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Russia issues new warning about Finland, Sweden joining Nato

Finnish MPs began formal discussions about the issue of Nato membership on Wednesday afternoon.

Russia's Foreign Ministry spokeswoman Maria Zakharova. Image: Sergei Savostyanov / AOP

Russia has issued a new warning about consequences of Finland and Sweden possibly joining Nato, according to Russian state news outlet TASS.

The warning came from Foreign Ministry spokeswoman Maria Zakharova, who made the comments on TV channel Russia-24 on Wednesday, the same day Finnish MPs were to formally begin debating the Nato issue.

"Under the auspices of the US, Brussels has been pulling Sweden and Finland into its structures for a while, there have been various hybrid measures on the actual pulling in, under the guise of drills or training sessions," Zakharova said.

"We made all our warnings — both publicly and via bilateral channels. They know about this, so there are no surprises. They were informed about everything, what it will lead to," she added, without specifying the consequences.

Talk about Finland's possible Nato membership significantly increased after Russia invaded Ukraine towards the end of February.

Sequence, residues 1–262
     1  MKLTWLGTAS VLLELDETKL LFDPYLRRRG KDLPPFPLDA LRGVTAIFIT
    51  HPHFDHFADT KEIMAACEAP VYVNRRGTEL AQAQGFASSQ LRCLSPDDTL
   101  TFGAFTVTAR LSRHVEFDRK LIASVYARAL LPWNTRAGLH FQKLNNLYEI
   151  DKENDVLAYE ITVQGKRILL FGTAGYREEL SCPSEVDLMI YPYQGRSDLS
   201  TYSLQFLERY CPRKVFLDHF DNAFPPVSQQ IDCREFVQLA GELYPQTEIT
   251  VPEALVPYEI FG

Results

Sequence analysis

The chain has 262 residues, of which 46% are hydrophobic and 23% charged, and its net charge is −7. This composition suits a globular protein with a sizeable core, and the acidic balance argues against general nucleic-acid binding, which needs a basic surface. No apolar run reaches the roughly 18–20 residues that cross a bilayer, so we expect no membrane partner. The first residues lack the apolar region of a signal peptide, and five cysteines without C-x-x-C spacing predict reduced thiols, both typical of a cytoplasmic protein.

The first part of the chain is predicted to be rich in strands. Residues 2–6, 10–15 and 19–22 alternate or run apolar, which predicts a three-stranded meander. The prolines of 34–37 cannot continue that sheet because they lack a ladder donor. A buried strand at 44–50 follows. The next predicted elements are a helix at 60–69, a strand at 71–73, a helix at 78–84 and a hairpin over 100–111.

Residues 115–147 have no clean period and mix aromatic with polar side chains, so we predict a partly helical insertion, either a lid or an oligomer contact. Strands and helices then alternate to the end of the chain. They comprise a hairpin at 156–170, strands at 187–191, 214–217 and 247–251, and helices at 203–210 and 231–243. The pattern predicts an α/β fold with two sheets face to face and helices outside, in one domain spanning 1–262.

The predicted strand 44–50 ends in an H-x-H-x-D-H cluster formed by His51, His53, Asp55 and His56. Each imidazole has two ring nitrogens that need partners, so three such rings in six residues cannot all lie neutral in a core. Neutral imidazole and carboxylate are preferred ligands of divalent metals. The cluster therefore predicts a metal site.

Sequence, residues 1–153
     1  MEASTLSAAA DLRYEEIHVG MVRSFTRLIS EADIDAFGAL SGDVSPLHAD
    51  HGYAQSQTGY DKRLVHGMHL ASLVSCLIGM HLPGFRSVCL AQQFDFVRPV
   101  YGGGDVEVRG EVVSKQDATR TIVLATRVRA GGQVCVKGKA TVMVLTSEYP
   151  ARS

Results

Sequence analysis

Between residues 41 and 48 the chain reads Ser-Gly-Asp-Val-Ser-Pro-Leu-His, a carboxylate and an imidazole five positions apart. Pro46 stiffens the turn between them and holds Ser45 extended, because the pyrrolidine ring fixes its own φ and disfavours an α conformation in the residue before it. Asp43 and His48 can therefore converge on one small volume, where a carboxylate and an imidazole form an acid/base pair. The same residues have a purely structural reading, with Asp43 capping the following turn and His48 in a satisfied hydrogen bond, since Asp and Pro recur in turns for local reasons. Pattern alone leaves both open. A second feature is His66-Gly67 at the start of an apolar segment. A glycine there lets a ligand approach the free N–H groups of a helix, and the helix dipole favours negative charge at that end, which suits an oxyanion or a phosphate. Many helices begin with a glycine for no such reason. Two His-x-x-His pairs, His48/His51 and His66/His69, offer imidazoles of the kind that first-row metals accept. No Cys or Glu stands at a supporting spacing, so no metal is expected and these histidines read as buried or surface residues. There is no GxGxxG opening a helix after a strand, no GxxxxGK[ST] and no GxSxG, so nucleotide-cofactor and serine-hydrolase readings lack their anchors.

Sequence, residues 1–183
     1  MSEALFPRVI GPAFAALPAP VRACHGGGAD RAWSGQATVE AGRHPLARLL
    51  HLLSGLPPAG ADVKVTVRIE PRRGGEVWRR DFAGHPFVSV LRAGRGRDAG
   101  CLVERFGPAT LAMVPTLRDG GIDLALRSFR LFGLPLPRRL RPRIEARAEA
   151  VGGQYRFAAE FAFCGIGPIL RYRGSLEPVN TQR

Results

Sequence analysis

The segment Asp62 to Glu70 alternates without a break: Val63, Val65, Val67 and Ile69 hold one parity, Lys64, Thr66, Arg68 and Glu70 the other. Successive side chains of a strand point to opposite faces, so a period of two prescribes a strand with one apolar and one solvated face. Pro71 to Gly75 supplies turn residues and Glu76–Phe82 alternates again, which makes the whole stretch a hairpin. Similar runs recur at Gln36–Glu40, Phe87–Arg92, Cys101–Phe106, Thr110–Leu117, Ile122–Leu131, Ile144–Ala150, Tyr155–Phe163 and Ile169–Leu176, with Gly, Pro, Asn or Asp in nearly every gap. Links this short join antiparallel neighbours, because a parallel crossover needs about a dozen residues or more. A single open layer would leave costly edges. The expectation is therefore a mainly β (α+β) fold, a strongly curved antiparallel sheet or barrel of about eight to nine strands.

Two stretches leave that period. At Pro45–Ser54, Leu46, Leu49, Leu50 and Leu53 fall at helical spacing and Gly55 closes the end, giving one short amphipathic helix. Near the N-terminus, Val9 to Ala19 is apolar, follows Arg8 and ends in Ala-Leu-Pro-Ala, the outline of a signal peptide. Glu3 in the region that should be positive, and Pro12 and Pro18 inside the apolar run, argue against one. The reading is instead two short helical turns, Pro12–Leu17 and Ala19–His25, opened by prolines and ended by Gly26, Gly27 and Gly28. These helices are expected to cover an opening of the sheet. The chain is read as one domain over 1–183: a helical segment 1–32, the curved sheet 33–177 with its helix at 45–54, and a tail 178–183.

Russia has issued a number of warnings about Finland's possible accession to the military alliance, particularly as the idea gained support from the Finnish public as well as in political spheres.

Last week, former Russian President, Dmitry Medvedev, warned that if Finland and Sweden were to join Nato, Russia would have to bolster its defences in the Baltic Sea region, including by deploying nuclear weapons.

Support for Nato grows

Recent surveys show that a growing majority of Finland's citizens, as well as lawmakers, are in support of applying for Nato membership. Results from an Yle survey published in mid-March found record-high support, with 62 percent of respondents saying they would approve of Finland joining Nato.

A few days after Russia's deadly attack on Ukraine began, an Yle survey found a significant increase in public approval of joining the alliance, with 53 percent of respondents supporting such a move — an increase of around 34 percentage points compared to a similar poll carried out in 2017.

About two weeks ago, an informal survey found that support for joining the alliance was also growing among Members of Parliament.

MPs are to officially begin discussing the issue on Wednesday afternoon.

Meanwhile, the defence ministry announced on Tuesday that Finland was sending more defence material assistance to Ukraine.

However, the ministry did not specify what type of equipment was being sent nor when or how it would be delivered, "to ensure that the assistance reaches its destination."